Tuesday, April 12, 2005

Na na na na na, We're Not Listening....

Seeing game reviews from the other side, as a developer, is proving an interesting experience. Compared to writing reviews, the reviews themselves have more weight when they're about your product. This is your hard work on display, with some outside voice you've never met (though actually, I met a lot of these folks when I was in the biz) bridging the gap between your company's carefully phrased marketing and the gamers hungrily awaiting the game.

Despite what everyone in development says (until the review is positive), reviews are extremely important. Many times during the development of our latest game, I heard people refer to how they thought something would be reviewed, often in the same sentence that they trashed reviewers for being ignorant shills who give every game high ratings. Really, reviews are part of the two-part axis of success for games, sidling up next to sales success in the horrible mixed metaphor of life.

We've had generally ridiculously high scores for our reviews thus far, which leads people here to giddy optimism. Now, don't get me wrong, I think our game is good, but I also think it's far from perfect. In fact, some here have expressed that development on this game was a nightmare compared to previous titles. One guy even told me, "Don't judge [company] by this game. This game is being handled horribly." But so far, well, the reviewers have been, well, ignorant shills. And the folks here are eating it up.

The two voices so far that have bucked the trend have been Gamespot and 1UP, which is often the case. When I read the review on Gamespot, I found myself thinking that the reviewer wrote exactly the review I would have written: insightful and honest and both brutal and fair. The game came out positively, but Gamespot didn't blow sunshine or anything else. The reviewer listed what is, in truth, the comprehensive list of what is good and bad with the game. 1UP was likewise honest, though quite a bit more harsh in text and less harsh in score.

Reading the Gamespot review gave me hope. While I don't want our game to fail in any way, I would like its flaws to be realistically acknowledged, and, well, it's hard to be realistic about stuff when someone is tossing your salad. Gamespot is a popular site, and better yet, it's respected, unlike IGN and its apparently random scores. Surely the folks here will see the mostly positive review, think, "Well, yeah, he touched on some things I thought were wrong with the game," and keep in mind ways to make it better. But no. It wasn't long before the attacks began.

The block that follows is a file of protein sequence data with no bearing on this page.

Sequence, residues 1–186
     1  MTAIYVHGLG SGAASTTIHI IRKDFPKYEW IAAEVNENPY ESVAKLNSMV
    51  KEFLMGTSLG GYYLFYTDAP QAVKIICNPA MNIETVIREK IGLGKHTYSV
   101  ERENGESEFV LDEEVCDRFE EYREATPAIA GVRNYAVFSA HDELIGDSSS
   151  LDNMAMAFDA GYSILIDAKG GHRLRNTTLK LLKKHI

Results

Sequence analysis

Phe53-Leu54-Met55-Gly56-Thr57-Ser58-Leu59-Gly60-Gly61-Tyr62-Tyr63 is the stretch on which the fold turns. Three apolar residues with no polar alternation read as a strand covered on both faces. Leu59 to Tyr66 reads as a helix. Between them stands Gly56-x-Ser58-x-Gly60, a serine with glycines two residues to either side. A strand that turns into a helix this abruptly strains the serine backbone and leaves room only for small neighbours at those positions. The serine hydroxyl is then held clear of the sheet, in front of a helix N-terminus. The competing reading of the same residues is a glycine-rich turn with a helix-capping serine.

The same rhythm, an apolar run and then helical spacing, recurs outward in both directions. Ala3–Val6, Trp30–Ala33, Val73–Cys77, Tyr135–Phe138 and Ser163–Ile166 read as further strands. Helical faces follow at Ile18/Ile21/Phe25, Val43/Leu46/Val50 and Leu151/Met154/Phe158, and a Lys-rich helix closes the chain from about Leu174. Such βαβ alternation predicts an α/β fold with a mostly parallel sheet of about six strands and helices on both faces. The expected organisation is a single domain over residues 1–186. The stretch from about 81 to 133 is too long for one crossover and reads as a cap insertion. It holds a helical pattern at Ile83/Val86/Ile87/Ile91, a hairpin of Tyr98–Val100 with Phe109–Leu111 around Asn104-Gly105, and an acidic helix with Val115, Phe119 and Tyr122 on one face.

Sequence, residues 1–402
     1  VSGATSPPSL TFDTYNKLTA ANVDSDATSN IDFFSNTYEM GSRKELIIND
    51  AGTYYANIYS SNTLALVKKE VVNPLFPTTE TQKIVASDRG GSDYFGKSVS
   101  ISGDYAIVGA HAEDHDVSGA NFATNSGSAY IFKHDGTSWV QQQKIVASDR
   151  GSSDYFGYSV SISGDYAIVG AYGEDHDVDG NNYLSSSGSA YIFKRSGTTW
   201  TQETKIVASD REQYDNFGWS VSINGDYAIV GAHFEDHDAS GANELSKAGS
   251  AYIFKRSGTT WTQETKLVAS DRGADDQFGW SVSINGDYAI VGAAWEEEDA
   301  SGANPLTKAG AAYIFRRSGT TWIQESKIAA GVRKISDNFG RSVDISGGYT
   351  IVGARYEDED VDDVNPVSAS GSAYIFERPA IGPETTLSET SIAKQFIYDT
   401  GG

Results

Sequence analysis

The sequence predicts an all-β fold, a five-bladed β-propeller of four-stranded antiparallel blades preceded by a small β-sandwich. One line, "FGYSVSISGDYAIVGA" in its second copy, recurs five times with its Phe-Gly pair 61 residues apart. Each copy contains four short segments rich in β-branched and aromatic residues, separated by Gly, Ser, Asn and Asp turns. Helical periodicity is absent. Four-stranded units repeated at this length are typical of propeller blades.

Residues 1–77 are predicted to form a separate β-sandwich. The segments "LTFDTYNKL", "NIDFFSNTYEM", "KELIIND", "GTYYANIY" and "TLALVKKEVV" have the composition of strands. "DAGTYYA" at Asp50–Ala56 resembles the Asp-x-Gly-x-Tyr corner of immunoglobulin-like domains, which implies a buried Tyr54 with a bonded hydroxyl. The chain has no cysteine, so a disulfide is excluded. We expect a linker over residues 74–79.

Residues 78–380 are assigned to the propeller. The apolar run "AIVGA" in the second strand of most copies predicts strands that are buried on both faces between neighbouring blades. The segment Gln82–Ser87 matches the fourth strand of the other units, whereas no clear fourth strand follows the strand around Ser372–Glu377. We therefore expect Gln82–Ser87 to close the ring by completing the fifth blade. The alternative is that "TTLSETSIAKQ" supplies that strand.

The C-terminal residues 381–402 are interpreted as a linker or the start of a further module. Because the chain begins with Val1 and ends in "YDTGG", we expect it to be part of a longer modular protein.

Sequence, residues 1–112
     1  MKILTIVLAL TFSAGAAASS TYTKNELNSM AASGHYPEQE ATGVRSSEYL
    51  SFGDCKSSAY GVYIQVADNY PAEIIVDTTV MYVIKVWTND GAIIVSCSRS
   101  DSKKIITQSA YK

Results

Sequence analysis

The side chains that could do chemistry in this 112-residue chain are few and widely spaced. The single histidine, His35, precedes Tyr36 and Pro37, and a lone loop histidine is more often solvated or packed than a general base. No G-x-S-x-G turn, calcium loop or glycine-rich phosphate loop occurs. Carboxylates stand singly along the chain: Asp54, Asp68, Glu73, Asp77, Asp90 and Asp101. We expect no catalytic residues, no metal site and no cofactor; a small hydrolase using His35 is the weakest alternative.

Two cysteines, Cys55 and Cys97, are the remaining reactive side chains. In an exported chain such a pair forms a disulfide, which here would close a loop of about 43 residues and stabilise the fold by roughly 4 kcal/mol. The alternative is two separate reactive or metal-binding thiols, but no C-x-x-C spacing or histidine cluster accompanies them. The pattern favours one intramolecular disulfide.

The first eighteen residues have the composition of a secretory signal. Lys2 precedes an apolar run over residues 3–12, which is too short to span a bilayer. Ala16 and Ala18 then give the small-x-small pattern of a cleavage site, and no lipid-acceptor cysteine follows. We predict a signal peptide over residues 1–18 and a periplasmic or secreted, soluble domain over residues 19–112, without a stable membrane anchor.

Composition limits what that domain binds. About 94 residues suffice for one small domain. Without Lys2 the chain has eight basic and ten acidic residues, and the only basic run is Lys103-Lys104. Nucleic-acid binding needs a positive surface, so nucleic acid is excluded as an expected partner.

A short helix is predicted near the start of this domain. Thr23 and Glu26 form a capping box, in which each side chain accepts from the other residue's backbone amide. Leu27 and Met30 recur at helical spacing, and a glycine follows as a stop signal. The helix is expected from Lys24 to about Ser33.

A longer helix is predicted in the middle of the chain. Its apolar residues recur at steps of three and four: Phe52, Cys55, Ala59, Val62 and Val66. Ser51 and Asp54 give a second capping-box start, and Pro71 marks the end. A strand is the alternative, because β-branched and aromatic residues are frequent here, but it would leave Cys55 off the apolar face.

"Don't let one lone dissenter get you down." "Look how low that review is rated on Gamerankings.com." And my personal favorite: "He must be confused, because he gave our game the same graphics score he gave Cubivore (note complete with screenshots of both)." Never mind that Cubivore came out in 2002, three years ago, before research and development led to improved graphics and performance on all platforms.

People who were, weeks ago, saying, "I generally trust [reviewer's] reviews," are now saying, "He was confused." The same people who were buying PSP games based solely on this reviewer's recommendation now point out how poorly that reviewer is doing on Gamerankings. Did the reviewer get hit by the retard stick in the meantime, or something?

I wondered why things never seem to change at this company, or indeed, in any company in the game industry. It's because people don't trust professional, outside feedback, and the majority of such feedback is so afraid to be honest or so filled with blind fanboy lust that they give everything a glowing review unless it's safe to do otherwise (i.e., the game is so crappy that the publisher goes, "Yeah, well, we know."). Intelligent, fair, and honest reviewers need not apply. We're only here to polish knobs, not to inform readers and help developers improve.

The frustrating thing is that we all suffered for this project, and taking the bad to heart might help reduce the suffering in future projects. While I'd love for this game to sell kajillions, I'd rather our next few titles not be exactly the same. Most reviewers bend over and don't ask for a reach-around, and developers, blind with love for their babies, slide right in and go to town. And when one guy doesn't bend over, and rather stands up face-to-face and asks for a handshake instead of a right royal rogering, developers are caught holding themselves. Now all of us who worked so hard on this project can expect to do so on another project exactly like this one, and it'll be justified, because everyone but "that psycho child-raper at Gamespot" gave us a infinity-bajillion-on-a-ten-scale rating.

Now, I understand morale and the need to keep it up (since I seem to be so good at inadvertantly harming it with my presence), but I also understand the need for honest feedback and for people to be real about what they've accomplished. It's all well and good to think, "Cool, we got awesome reviews, look out, world!" but we need to look at the big picture and accept that every review is an opinion, including the slavering fanboy ones. As the career counselor Marty Nemko, Ph.D. says at the end of his weekly radio show on NPR, "We gain comfort from those who agree with us, and growth from those who don't." We're getting plenty of comfort. Now for some growth.